29. Programmatic Structure for ... while ... if ... then ... else

  30. For Loop • Repeats a line or lines (known as a block) of code until: • (for loop) a count limit is reached for(i in 1:10) {   ... code ... } • the above loop runs 10 times • '{' and '}' enclose code looped • the variable i updated in the loop to values in the sequence 1:10

  31. A Simple For Loop # P-values from our analysis p.values = c(0.1, 0.05, 0.003, 0.4, 0.9) # A vector to store the negative log p-values neglog10.p.values = 1:5 # Transform the p-values for(p in 1:length(p.values)) { neglog10.p.values[p] = -log10(p.values[p]) } neglog10.p.values.2 = -log10(p.values)

  32. While Loop • Repeats a line or lines (known as a block) of code until: • (while loop) a logical condition is reached while (stop != TRUE) {   ... code ... } • the above loop runs until code sets • stop = TRUE • warning: if not properly written while loops can run infinitely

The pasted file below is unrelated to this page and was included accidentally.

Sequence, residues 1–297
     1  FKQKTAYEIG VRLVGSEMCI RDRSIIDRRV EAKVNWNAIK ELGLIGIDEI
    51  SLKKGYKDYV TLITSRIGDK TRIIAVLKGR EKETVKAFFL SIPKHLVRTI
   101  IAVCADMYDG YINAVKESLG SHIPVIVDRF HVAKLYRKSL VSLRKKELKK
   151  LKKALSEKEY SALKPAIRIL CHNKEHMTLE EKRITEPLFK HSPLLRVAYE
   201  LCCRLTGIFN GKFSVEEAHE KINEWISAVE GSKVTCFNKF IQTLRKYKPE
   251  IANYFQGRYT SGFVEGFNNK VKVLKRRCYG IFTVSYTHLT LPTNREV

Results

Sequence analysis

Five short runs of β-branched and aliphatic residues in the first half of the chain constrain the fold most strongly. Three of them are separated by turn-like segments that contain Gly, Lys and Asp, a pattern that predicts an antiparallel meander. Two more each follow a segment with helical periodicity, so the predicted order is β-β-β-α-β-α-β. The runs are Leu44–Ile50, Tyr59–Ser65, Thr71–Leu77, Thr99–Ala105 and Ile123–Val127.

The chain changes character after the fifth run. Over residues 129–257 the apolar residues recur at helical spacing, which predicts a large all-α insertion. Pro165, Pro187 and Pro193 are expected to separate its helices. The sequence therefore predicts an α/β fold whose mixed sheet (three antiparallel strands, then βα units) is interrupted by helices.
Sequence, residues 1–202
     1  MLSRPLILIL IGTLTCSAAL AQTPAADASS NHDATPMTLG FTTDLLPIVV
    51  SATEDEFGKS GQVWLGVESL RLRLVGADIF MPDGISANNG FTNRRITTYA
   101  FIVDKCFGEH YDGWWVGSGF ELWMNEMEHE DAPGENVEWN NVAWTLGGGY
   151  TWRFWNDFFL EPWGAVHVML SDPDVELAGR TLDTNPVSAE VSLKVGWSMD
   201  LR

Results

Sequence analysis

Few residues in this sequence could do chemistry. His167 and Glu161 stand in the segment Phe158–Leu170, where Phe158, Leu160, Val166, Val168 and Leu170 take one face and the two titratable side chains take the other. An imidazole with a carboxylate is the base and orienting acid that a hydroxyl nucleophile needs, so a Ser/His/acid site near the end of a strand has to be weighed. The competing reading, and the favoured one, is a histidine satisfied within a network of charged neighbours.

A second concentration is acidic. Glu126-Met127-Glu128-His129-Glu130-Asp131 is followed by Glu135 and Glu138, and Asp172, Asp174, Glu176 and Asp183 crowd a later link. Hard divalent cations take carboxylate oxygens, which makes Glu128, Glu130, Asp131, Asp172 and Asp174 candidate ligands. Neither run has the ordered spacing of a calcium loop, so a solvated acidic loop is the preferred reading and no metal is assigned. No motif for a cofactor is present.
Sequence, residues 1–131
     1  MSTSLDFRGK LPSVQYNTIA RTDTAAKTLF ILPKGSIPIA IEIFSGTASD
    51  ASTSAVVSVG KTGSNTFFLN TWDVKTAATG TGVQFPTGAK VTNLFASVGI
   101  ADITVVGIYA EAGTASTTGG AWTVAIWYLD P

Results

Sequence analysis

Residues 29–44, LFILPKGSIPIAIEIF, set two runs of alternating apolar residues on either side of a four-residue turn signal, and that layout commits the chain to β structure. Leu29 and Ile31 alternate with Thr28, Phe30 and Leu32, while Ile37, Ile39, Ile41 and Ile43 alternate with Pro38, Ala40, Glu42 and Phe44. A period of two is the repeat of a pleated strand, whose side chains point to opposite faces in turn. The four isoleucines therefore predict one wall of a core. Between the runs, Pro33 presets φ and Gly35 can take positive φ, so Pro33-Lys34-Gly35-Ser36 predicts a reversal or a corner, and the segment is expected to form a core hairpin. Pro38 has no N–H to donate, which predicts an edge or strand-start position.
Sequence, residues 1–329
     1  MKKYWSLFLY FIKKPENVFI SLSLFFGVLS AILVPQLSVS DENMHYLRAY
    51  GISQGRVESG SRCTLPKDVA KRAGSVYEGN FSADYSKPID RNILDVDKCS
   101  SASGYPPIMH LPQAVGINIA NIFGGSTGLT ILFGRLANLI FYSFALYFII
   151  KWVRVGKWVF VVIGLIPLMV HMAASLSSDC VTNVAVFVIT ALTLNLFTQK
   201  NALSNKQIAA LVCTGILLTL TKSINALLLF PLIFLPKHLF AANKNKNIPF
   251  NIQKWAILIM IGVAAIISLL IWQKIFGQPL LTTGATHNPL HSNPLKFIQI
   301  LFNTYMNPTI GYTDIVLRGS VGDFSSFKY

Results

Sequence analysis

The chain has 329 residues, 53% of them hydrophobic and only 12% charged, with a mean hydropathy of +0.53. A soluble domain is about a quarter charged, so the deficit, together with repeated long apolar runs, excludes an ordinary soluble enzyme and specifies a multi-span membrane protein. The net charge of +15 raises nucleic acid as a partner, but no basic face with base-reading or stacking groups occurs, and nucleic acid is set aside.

33. A Simple While Loop # Numbers from our analysis v1 = c(21, 22, 53, 74, 85, 96, 97, 58, 49, 30, 85) # Iterator i = 1 # Look for first instance of 85 while(v1[i] != 85) { i = i + 1 } # Print out where we found it print(paste('v1[',i,'] = 85',sep=''))

  34. Functions • Bits of code that do one thing and (preferrably) do it well • Functions break up your code into more manageable and reusable parts • Defining (e.g. in a script): fun = function(arguments) {    ... code ... } • Calling: party = fun(food,beer,folks)

  35. A Simple Function fn1 <- function(N) {    for(i in as.numeric(1:N)) { y <- i*i }} fn2 <- function(N) { i = 1 while(i <= N) { y <- i*i i <- i + 1 } } system.time(fn1(60000)) system.time(fn2(60000))

  36. Student’s T-test

  37. Comparing the Means of Two Groups • Sleep dataset in R is a comparison of two soporific drugs on students sleep habits

  38. Doing a Student’s T-test t.test(sleep[1:10,’extra’],sleep[11:20,’extra’]) or t.test(extra ~ group, data = sleep)

  39. Correlation

  40. Testing for a Correlation cor.test(c(1:10), c(11:20))

  41. Testing for a Correlation cor.test(c(1:10), -c(11:20))

  42. What else is built-in? library(help="stats")

  43. Thanks • Lee Pang • Chris Bare • Baliga Lab